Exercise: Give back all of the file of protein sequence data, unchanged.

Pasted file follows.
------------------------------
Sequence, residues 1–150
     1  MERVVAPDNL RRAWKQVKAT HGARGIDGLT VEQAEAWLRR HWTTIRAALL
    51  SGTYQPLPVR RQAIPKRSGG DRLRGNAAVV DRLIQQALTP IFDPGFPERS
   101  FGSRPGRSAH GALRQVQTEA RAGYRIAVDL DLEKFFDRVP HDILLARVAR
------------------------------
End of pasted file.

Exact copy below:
Sequence, residues 1–150
     1  MERVVAPDNL RRAWKQVKAT HGARGIDGLT VEQAEAWLRR HWTTIRAALL
    51  SGTYQPLPVR RQAIPKRSGG DRLRGNAAVV DRLIQQALTP IFDPGFPERS
   101  FGSRPGRSAH GALRQVQTEA RAGYRIAVDL DLEKFFDRVP HDILLARVAR